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Employment bias based on physical appearance is widespread and is even openly stated policy at some workplaces. But in certain circumstances, it can also be illegal.

“Lookism—discrimination based on appearance—is a real thing and in my view, a real problem,” Michael S. Cohen, a partner in management-side law firm Duane Morris LLP in Philadelphia, told Bloomberg BNA May 24.

Casinos and restaurants are examples of employers that sometimes have physical appearance policies, attorney Michael C. Eastman told Bloomberg BNA May 25. One dress code he recalled seeing called for employees to be “toned.”

“There’s nothing necessarily illegal” under federal employment discrimination law” against wanting people to be in shape or good looking,” said Eastman, vice president of public policy at the Washington-based Equal Employment Advisory Council. However, employers could face legal challenges if such a policy is shown to have a disparate impact on women, he said, and pregnancy discrimination lawsuits are a possibility if an employer doesn’t make an explicit exception to a policy about employees’ weight.

Moreover, Eastman said, “there’s a certain risk when you have that kind of policy” that can be mitigated by specifying objective criteria for appearance rather than allowing it to be judged subjectively.

Weight policies can also be a problem in cases involving morbid obesity, which the Equal Employment Opportunity Commission has said it regards as a protected disability, Cohen said. In addition, Michigan, the District of Columbia, and certain localities in California, Illinois, and Wisconsin protect some forms of physical appearance against job discrimination, he said.

Shelling Out for Perfect Teeth

That many employers nonetheless set standards for physical appearance is clear from the success of cosmetic dentist Dr. John Moore Jr., who heads the San Antonio practice Cosmetic Dental Associates, in working with people who want their teeth fixed to help their careers.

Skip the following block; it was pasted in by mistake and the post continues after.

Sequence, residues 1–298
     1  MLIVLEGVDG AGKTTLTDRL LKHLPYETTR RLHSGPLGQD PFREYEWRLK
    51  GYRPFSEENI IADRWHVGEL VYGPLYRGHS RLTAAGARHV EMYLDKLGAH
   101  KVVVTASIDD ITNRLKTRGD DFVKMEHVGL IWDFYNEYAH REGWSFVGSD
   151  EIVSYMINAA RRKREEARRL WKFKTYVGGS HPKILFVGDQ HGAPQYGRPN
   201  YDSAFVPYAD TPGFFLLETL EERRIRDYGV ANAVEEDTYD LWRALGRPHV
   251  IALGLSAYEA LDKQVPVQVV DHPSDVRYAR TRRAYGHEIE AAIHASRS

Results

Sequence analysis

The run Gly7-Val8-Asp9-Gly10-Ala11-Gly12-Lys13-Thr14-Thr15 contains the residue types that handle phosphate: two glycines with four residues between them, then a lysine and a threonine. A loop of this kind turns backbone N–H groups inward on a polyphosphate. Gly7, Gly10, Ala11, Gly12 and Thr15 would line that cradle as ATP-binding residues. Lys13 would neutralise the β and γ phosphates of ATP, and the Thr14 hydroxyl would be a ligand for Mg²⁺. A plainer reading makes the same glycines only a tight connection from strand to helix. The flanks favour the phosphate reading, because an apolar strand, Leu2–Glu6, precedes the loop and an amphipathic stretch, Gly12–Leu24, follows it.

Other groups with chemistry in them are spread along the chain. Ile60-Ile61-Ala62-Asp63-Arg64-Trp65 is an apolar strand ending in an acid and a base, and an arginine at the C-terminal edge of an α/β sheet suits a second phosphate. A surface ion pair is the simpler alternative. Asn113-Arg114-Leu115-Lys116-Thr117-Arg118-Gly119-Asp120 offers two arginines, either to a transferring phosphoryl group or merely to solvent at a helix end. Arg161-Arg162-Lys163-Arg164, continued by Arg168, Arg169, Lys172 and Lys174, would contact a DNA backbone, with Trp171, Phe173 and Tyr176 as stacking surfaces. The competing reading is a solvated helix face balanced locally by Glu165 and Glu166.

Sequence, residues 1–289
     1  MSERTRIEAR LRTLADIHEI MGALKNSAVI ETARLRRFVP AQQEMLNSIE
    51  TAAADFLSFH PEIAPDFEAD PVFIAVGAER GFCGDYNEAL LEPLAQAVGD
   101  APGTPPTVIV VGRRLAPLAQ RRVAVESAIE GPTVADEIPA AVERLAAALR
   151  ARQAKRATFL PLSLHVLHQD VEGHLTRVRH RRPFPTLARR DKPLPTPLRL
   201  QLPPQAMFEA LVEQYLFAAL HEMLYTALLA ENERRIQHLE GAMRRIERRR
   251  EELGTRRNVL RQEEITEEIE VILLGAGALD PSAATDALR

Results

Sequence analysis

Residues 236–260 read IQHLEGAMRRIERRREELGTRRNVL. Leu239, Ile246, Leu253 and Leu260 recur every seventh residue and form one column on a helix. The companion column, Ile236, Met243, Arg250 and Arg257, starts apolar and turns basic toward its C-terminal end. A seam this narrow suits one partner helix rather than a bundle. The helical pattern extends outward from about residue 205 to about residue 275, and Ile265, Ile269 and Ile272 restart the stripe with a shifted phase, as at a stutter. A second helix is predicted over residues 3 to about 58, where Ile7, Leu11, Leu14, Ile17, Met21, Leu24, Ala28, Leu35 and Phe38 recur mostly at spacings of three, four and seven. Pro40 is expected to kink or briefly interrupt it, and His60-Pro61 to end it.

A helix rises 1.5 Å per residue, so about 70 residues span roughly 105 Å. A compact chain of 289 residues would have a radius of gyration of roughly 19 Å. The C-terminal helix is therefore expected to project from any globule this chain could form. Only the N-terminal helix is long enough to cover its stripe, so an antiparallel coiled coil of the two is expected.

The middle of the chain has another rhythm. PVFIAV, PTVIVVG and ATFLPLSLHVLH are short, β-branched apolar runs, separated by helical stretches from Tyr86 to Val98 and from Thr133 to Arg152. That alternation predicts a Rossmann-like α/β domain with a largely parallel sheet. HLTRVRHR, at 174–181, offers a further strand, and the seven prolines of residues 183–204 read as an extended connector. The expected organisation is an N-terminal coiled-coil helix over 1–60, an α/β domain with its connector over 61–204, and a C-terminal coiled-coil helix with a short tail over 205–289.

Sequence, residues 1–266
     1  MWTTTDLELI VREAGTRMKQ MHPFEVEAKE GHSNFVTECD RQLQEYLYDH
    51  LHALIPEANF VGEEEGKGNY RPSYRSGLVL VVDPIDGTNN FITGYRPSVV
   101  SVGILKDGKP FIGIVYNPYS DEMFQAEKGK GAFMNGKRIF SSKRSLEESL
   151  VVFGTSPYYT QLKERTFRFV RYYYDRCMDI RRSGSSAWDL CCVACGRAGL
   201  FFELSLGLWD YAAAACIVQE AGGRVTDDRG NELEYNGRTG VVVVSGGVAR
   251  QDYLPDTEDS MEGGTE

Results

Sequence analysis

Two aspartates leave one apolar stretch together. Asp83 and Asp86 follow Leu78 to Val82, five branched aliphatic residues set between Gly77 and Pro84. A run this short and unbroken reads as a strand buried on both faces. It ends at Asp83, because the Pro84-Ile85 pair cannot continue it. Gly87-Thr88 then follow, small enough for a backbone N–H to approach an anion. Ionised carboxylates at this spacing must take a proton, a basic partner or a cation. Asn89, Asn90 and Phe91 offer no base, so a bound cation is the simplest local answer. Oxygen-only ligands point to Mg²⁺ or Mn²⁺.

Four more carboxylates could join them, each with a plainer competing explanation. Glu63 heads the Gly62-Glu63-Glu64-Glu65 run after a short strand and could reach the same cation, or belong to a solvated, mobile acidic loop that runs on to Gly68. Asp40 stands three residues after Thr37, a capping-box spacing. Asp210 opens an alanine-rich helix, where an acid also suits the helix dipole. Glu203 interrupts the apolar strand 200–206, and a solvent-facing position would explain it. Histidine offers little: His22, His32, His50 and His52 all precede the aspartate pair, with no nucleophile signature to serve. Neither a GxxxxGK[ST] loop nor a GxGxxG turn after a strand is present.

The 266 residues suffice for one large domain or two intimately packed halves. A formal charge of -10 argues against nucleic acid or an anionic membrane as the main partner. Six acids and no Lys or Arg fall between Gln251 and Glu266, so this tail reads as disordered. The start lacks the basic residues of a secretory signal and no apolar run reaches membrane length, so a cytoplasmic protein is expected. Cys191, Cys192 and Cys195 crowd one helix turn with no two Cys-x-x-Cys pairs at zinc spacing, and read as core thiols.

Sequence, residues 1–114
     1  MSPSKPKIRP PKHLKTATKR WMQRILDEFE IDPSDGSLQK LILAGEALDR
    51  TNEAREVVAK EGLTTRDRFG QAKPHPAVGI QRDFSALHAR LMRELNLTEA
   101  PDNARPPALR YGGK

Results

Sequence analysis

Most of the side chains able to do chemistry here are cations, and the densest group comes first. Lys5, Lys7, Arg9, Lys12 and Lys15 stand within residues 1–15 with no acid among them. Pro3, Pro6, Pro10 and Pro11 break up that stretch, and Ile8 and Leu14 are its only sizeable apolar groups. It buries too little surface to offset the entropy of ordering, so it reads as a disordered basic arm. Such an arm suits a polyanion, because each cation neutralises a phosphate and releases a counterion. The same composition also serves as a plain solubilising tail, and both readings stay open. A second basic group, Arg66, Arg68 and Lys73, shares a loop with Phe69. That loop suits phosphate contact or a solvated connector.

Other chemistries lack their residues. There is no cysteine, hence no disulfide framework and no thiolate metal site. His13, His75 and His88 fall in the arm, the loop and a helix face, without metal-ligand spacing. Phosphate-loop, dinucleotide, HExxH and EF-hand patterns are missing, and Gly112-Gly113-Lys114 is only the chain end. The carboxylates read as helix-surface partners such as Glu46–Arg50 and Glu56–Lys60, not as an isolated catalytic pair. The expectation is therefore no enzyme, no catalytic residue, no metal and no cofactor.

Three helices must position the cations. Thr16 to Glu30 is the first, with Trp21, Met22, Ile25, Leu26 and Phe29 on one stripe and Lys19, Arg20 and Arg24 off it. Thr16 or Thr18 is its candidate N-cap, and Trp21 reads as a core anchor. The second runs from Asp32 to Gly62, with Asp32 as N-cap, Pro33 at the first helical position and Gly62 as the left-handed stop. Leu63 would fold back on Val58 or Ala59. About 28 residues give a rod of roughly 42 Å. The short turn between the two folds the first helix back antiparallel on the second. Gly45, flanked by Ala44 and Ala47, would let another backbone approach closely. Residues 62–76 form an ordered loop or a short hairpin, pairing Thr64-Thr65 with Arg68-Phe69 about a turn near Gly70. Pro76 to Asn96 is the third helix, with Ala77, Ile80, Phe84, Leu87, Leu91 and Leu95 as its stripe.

Moore has seen an increase in both men and women getting cosmetic dental work for career reasons, he told Bloomberg BNA in a May 25 email. About three-quarters of them are in sales, he said. “Of all the reasons I’m seeing given for getting porcelain veneers, I’d say 60 percent are social and 40 percent are career. This is definitely increasing and I’ll bet it’ll top 50 percent before long, maybe
within a year.”

Moore recalled a father who brought in his daughter, who hadn’t had success finding a job despite completing her education, for work on her decayed front teeth. “She was hired the first interview after getting her teeth fixed,” he said. Moore also recalled the case of a salesman with crooked teeth and bad breath from what turned out to be gum disease. After he was treated, Moore said, “his sales
improved dramatically.”

Shallow Business Practice?

Even where not prohibited by law, though, it’s often unwise for employers to make job decisions based on a job candidate’s or employee’s physical appearance, Cohen argued. Regarding tattoos, for example, “the message I try to communicate to organizations all the time is that you want the best
person for the job. We’re not concerned with their body type, face, or ink on the body.”

Employer clients sometimes counter that tattoos will upset customers or other members of the public the company deals with, but Cohen said he points out to them that many of these people also now have tattoos. In the late 1990s, many law firms similarly felt that “business casual” wear that was
then becoming popular would be offputting to clients, he said, but instead, law firm clients often wanted their attorneys to look like them.

To contact the reporter on this story: Martin Berman-Gorvine in Washington at [email protected]

To contact the editor responsible for this story: Tony Harris at [email protected]

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